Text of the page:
5. “I have noticeably different software.”
Notice that I’m not listing “noticeably better software” as an option here. It’s possible that a tablet will come along at some point with software that’s clearly a great leap forward beyond iOS, in the same way that the iPhone software was clearly a major advance beyond the Palm OS and its rivals. But if anyone’s working on that software right now, they’re managing to keep it a deep secret.
For now, software is subjective, and anyone shopping for a tablet is entitled to prefer one operating system over another based on subtle matters of personal preference. I think Google’s Android 3.1 Honeycomb is quite impressive, and it’s got its own personality; some people are going to enjoy using it more than iOS. I’m also hopeful about HP’s Web OS as seen on the TouchPad. (RIM’s PlayBook tablet OS , on the other hand, needs lots and lots of work to get in the game.)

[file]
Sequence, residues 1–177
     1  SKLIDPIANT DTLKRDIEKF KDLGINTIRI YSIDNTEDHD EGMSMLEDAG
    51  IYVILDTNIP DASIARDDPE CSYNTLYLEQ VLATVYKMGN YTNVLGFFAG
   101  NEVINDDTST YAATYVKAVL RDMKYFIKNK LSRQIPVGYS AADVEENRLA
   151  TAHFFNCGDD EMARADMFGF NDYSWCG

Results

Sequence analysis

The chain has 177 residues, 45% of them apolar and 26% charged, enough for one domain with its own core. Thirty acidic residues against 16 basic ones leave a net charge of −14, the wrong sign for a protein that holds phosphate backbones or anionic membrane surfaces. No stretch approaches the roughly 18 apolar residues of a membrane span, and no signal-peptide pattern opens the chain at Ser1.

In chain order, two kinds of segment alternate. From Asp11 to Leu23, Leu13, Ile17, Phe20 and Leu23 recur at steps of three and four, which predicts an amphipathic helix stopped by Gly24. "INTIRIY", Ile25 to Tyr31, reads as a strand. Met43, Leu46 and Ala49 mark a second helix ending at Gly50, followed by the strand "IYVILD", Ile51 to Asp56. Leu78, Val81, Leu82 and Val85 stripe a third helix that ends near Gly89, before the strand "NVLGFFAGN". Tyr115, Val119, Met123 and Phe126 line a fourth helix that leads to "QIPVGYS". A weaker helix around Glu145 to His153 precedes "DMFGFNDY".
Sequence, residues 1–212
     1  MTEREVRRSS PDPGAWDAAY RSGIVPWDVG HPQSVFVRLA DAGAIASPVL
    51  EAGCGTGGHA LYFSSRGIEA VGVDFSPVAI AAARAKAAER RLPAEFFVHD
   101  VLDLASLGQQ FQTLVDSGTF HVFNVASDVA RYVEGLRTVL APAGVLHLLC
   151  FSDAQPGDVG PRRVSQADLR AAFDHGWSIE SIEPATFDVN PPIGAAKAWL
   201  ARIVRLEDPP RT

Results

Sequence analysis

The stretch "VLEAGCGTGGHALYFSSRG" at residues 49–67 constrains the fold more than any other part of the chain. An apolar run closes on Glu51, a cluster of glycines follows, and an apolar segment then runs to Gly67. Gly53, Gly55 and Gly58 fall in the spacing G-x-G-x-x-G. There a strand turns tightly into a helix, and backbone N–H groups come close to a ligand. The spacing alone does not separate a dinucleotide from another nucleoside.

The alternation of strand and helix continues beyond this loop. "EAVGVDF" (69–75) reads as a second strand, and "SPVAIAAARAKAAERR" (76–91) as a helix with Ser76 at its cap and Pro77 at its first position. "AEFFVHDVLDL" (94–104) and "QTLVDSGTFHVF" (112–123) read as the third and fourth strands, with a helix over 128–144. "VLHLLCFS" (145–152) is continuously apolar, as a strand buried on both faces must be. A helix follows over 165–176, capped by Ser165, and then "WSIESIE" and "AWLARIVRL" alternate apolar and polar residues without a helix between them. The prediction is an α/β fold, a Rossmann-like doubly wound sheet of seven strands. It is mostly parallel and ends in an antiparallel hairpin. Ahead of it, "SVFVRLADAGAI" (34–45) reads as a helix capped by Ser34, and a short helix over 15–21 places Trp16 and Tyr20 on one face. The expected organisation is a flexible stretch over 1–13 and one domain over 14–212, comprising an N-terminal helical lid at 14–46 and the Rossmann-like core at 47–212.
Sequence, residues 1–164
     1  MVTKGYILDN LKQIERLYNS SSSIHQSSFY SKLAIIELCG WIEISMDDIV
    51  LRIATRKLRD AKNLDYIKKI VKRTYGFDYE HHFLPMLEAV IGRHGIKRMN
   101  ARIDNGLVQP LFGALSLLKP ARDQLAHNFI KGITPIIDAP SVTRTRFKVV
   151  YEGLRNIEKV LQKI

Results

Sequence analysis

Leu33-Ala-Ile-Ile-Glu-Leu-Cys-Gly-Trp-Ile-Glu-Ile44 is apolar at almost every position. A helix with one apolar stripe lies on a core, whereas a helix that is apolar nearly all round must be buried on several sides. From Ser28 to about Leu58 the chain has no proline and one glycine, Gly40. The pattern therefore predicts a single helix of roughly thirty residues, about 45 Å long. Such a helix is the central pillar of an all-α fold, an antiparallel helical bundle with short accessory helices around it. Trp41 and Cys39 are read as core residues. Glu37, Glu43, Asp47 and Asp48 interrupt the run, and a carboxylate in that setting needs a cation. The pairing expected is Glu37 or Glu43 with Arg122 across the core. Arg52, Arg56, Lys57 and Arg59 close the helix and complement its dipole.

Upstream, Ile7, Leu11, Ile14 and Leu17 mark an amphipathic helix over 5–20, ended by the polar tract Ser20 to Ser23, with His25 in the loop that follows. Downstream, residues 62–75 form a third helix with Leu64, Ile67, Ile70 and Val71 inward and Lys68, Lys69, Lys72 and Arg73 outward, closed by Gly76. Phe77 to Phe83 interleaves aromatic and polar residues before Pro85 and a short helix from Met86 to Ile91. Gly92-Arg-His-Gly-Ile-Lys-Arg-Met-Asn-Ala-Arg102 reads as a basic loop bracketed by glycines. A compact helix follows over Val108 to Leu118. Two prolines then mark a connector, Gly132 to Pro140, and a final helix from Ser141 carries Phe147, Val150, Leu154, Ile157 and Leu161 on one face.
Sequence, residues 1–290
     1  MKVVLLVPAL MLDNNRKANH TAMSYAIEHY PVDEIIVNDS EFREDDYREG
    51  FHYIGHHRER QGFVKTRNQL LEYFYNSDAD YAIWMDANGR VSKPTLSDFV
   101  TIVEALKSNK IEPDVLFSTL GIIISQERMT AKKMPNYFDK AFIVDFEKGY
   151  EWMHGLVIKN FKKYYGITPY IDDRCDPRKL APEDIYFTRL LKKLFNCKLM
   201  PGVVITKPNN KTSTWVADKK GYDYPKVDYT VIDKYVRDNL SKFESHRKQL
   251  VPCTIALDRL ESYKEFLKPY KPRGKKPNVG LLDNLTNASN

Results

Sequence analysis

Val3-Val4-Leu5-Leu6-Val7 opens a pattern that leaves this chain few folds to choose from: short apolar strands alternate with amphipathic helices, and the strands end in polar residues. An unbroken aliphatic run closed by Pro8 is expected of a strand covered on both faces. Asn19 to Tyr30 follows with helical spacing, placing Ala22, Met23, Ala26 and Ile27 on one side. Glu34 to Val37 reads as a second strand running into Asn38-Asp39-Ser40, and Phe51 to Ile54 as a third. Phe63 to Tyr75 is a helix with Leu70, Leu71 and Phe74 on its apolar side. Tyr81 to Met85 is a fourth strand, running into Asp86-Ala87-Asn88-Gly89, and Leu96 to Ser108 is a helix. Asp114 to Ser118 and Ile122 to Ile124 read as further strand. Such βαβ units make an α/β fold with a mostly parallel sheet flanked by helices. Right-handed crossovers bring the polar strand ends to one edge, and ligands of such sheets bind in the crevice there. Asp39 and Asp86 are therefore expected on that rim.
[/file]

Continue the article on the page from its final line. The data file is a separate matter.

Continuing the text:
Any examples? The still-small number of shipping tablets that run Honeycomb offer an experience that’s both different from the iPad 2 and enjoyable.
6. “I have better entertainment services.”
Apple’s iTunes Store is still the planet’s most comprehensive purveyor of digital entertainment, with music, movies, and TV shows that play on the iPad, the iPhone, the iPod Touch, Macs, and PCs, and which can be synced and shuttled from gizmo to gizmo in a variety of ways. If you don’t like iTunes, you can use Netflix or Hulu Plus or Rhapsody or Napster or Rdio or MOG or MLB At Bat or the ABC app or any of numerous other apps.
Any examples? Nope, and Google is just getting its music and movie services off the ground. Along with third-party apps, this is one of the most daunting leads Apple has on the competition. Maybe it’ll be a third party (coughcoughAmazon) who cuts into Apple’s gigantic lead, not a platform provider or hardware maker.